As of the end of last week 159 people in nine states had been identified with H3N2 influenza virus infections this year. Most of the recent cases have occurred after contact with pigs at county or state fairs.

The Pennsylvania Department of Health (PDH) reports four confirmed and six probable human cases of influenza due to the H3N2v strain. The Pennsylvania cases occurred among youth participants in the Huntingdon County Fair, Aug. 5-11. PDH reports no hospitalizations, and although the investigation is ongoing, there is no evidence of the strain spreading from person-to-person.

This is the same virus that recently caused illness in several other states, particularly in Indiana (138 cases) and Ohio (72 cases), mostly among children who were exhibitors at or attended agricultural fairs.

Also last week, the Wisconsin State Laboratory of Hygiene confirmed the first two cases of H3N2v influenza virus infection in that state. One case involved a teenager exhibiting pigs at the Wisconsin State Fair; the other involved a state fair worker.

H3N2 influenza viruses occur in pigs but usually do not infect humans, according to the U.S. Centers for Disease Control and Prevention (CDC).

Health experts believe flu viruses spread from infected pigs to humans in the same way seasonal influenza viruses spread between people: mainly through infected droplets created when an infected pig coughs or sneezes.

According to CDC, some evidence indicates people also might become infected by touching something that has virus on it and then touching their mouth or nose. A third way people may get infected is to inhale dust containing the flu virus.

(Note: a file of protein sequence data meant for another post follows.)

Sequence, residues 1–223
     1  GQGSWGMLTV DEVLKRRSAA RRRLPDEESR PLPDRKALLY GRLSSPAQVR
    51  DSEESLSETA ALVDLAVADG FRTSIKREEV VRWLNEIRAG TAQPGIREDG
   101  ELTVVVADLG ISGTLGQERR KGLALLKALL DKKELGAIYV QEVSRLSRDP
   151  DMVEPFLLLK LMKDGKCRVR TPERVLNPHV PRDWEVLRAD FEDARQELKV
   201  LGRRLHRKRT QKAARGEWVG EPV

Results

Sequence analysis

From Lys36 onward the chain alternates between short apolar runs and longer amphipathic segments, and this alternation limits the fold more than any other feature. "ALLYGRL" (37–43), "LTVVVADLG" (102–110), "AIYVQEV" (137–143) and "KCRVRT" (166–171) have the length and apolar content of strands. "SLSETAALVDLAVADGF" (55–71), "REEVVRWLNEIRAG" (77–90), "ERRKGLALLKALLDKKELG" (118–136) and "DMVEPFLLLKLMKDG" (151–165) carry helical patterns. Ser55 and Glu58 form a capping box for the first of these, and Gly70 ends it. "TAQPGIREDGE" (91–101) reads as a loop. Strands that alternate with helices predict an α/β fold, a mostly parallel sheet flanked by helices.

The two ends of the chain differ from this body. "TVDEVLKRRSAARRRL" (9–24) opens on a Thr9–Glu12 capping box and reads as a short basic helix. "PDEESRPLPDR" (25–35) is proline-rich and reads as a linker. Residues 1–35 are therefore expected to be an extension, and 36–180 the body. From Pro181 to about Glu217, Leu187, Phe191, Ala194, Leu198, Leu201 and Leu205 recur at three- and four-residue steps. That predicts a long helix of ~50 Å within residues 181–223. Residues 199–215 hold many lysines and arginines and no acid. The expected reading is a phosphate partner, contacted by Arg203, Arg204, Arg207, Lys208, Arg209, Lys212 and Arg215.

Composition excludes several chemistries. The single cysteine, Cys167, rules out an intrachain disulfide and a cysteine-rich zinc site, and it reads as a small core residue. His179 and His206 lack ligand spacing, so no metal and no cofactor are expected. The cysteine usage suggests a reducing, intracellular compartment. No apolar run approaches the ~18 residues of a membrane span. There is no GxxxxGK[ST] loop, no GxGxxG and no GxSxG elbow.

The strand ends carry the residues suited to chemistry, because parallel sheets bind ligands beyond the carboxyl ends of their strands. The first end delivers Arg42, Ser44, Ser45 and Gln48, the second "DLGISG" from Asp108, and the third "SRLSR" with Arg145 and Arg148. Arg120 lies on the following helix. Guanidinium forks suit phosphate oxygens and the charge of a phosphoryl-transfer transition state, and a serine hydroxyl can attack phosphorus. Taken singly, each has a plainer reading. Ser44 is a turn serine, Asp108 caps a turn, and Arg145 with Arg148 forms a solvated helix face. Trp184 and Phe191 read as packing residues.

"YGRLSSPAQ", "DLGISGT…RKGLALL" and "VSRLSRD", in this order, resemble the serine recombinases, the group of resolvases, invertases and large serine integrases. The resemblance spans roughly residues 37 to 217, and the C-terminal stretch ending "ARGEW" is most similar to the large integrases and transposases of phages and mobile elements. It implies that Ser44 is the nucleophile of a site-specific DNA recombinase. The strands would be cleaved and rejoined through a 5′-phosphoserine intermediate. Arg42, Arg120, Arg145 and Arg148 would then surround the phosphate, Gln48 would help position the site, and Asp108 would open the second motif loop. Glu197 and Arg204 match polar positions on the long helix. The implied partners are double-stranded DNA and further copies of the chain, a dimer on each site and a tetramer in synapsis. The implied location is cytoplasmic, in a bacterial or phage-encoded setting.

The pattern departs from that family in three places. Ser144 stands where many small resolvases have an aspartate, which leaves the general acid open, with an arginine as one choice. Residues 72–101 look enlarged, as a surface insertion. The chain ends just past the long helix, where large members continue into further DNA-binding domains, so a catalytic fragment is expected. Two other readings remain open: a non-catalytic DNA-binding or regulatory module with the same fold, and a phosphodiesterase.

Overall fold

Health officials point out there is no risk of exposure to influenza from handling or eating pork products.

Several state fairs, including Minnesota, Kansas and Texas, have yet to get underway and health officials in those states and others are increasing messaging to the public.

National Pork Board (NPB) has a fact sheet called “INFLUENZA: Pigs, People and Public Health.”

To help clarify the too frequent mis-labeling of influenza exposures as “swine flu” NPB has another fact sheet entitled “Understanding influenza virus naming.”

 Additional information on the H3N2 virus and preventative steps can be found on the CDC website.

Also last week, University of Florida infectious disease experts released a study that found that several pigs exhibited at U.S. state fair competitions in 2009 were infected with influenza virus, despite their healthy appearance. You can find more on that study here.